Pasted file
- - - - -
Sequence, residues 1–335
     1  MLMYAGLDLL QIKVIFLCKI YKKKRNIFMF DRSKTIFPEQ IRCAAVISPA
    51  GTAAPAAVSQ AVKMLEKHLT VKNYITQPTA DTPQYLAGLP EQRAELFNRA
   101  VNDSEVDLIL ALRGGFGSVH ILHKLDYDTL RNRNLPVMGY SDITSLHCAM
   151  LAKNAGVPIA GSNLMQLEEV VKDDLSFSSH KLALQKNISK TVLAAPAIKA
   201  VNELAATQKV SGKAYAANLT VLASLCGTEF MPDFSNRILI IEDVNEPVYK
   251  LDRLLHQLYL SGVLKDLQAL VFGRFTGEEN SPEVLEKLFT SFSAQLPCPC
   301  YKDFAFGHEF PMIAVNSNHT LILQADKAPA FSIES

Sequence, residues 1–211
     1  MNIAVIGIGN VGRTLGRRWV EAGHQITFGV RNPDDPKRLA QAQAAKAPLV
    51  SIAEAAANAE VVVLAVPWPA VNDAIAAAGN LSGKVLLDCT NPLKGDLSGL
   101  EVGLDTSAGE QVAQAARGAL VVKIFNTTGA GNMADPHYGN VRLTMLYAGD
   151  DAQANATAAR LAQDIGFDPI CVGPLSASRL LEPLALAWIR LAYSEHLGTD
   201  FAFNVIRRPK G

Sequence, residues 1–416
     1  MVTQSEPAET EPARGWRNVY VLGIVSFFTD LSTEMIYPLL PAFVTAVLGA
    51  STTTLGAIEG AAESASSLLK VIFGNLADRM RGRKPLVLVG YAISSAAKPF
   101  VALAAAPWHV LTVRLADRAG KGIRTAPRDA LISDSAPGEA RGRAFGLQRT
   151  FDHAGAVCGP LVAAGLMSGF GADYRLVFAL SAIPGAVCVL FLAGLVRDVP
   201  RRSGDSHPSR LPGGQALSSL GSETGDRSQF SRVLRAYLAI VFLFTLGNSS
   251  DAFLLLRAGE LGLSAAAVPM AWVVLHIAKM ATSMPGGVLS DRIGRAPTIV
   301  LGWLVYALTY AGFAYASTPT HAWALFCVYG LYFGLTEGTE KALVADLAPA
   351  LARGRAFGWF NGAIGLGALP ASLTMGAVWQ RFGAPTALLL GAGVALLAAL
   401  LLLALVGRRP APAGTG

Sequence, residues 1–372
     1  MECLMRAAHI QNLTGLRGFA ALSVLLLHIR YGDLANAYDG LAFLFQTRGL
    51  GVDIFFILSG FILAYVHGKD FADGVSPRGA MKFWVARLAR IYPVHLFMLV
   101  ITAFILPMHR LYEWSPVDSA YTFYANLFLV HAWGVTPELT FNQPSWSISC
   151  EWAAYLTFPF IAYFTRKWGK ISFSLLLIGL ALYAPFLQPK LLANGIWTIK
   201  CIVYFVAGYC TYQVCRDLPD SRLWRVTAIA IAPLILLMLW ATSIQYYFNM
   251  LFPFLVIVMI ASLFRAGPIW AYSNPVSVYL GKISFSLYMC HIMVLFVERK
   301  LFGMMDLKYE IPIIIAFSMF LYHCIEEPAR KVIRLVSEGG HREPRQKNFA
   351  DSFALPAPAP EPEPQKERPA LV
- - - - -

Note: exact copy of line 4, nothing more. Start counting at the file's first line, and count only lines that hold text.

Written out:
   101  VNDSEVDLIL ALRGGFGSVH ILHKLDYDTL RNRNLPVMGY SDITSLHCAM